The Sears Arlington model initially was known as No. 145, making its first appearance in the 1911 Sears Modern Homes catalog and its last in 1922. The home was described as a “Colonial home with bungalow effect,” noting how the long slope of the roofline was broken by four Colonial windows. The porch extended along the front and one side of the house where an exposed cobblestone chimney was prominent.
The Arlington was only offered as a “not cut “package, not as a pre-cut kit. This meant that the lumber came in standard lengths, and the homeowner would have to measure and cut the lumber himself according to the house plans. All other materials, including paint, varnish, floors, windows, exterior shingles etc., were delivered exactly as required for the plan and could be purchased in 1913 for $1,294.
Sears stated, ” By allowing a fair price for labor, cement, brick and plaster, which we do not furnish, this house can be built for about $3,050, including all material and labor.” While Sears did not furnish those items, they could refer the homeowner to reputable vendors. What you could order for an extra fee were the lighting fixtures, bathroom fixtures, and heating, plumbing and electrical materials.
The front door opened into a large foyer with an open staircase. A brick fireplace was specified for the living room and beamed ceiling for the dining room. Craftsman floors and trim in those rooms were made of oak. In the kitchen, pantry and maid’s room, yellow pine was the norm. A rear porch was approached from the dining room, and all the rooms had 9-ft. ceilings.
Three bedrooms and one bath with yellow pine floors and trim graced the second floor, along with a linen closet. Ceilings were 8-ft.
Three Arlingtons in a Row in Detroit
(Not for sale)
The most notable example of Sears Arlington is the triplets on Chalmers Street in the Jefferson Chalmers neighborhood of Detroit, Michigan. Numbers 605, 621 and 635 Chalmers were built in 1915, and although homeowners could choose differently, all three homes have the twin square porch columns. Most likely the triplets were built as spec or rental houses. While I could not find the original owners, the owners in the 1920s through the 1940s did not have a live-in maid to occupy the Arlington’s maid’s room. I assume that that room would be converted to a second bathroom in later decades.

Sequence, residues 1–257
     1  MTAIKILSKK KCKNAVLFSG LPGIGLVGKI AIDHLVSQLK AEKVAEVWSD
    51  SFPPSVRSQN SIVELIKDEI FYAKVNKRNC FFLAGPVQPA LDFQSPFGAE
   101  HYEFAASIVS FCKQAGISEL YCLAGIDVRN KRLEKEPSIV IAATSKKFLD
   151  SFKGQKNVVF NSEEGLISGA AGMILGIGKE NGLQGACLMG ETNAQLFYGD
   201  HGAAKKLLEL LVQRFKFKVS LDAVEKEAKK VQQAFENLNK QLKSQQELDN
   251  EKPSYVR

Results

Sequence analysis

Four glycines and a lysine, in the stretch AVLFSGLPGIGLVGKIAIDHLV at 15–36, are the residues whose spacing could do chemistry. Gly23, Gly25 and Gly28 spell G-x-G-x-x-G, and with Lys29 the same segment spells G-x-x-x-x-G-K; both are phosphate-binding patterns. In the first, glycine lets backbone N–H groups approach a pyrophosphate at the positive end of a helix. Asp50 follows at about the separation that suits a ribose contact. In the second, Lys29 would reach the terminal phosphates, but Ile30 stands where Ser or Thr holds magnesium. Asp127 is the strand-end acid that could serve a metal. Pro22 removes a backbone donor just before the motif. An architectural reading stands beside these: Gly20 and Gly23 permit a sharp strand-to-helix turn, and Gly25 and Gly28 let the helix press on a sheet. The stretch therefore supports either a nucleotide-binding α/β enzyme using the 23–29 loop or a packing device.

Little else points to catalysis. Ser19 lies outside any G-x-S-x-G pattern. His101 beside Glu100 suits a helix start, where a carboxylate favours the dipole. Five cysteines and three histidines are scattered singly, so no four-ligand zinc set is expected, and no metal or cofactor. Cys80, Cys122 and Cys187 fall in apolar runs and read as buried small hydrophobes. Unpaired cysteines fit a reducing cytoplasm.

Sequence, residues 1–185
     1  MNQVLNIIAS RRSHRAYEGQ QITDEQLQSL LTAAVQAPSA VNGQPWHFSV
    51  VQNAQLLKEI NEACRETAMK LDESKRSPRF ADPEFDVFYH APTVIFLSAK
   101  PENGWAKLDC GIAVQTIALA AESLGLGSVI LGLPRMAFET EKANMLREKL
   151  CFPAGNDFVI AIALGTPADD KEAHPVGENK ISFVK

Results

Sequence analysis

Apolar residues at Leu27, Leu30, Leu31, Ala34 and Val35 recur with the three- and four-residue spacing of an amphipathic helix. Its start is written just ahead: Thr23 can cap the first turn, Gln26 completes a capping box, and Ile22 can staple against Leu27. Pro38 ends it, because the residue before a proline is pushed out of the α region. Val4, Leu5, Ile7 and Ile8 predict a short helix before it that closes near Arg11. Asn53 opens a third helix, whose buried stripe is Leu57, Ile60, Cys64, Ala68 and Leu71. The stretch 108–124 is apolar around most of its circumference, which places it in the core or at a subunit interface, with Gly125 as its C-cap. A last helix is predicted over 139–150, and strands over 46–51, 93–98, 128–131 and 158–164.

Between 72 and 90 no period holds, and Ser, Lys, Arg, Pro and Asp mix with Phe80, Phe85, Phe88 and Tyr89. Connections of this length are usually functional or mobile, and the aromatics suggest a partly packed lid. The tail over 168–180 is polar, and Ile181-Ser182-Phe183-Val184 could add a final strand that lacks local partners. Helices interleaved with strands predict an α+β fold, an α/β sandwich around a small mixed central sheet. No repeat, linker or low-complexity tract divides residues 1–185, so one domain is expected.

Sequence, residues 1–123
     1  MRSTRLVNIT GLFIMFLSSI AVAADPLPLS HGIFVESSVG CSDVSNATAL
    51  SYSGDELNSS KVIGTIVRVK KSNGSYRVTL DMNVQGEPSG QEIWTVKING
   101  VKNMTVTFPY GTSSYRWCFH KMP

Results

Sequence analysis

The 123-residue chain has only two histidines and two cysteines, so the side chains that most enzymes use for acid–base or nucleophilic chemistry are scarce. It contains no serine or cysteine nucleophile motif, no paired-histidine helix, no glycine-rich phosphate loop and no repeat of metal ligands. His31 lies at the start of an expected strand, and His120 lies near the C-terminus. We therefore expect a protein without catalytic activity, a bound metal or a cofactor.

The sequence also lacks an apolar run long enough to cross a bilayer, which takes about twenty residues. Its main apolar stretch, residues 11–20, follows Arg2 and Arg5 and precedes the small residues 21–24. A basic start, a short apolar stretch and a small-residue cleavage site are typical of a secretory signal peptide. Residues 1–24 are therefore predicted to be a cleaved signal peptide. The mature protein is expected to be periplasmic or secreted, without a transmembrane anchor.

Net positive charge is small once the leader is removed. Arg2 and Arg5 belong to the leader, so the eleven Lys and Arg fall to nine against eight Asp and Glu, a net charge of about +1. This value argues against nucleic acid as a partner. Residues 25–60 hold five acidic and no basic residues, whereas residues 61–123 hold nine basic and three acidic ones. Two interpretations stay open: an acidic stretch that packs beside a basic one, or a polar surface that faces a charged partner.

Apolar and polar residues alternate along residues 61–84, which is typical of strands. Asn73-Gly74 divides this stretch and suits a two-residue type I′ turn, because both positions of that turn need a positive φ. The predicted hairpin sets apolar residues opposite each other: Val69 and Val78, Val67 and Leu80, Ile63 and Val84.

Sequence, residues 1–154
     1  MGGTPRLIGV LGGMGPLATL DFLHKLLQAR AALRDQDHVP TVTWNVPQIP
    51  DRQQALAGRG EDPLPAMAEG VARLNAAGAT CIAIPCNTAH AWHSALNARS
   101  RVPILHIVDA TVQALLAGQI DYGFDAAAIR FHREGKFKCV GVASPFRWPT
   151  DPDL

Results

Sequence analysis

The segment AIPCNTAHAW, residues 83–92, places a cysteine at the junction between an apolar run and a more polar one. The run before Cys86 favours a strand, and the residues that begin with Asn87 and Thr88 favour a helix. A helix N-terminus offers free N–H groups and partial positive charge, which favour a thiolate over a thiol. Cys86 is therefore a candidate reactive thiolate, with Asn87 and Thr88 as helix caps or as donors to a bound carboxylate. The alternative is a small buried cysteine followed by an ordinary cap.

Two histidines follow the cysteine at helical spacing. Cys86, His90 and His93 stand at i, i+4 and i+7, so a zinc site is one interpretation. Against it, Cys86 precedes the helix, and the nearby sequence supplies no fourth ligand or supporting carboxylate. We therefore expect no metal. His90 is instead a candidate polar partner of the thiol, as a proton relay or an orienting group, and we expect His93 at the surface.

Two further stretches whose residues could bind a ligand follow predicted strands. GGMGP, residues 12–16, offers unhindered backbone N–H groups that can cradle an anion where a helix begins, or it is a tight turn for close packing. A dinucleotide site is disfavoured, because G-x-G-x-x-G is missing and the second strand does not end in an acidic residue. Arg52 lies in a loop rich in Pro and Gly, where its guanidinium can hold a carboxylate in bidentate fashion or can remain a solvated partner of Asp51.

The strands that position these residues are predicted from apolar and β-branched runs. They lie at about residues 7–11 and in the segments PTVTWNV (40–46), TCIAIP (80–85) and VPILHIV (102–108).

Number 605 Chalmers was owned by William and Anna Chalmers in the 1920s to the 1940s. The older couple were married in 1896, and William worked as an insurance salesman. The house was valued at $25,000, a hefty sum, in the 1930 U.S. Census.
Love the landscaping that was pictured here in the 2019 Google Map street view. Harold Pope and his wife Leona lived here along with their young son Robert in the 1930s and ’40s. Interestingly, according to US Census records, Harold worked as an auditor for Sears product manufacturing.
Per US Census records, this home was owned by Frank and Isabelle Babcock in the 1930s and ’40s. Franks was an electrical welder in the automobile industry, and the couple lived in the home with two adult daughters, Barbara and Beverly.
More Arlington Models Across the US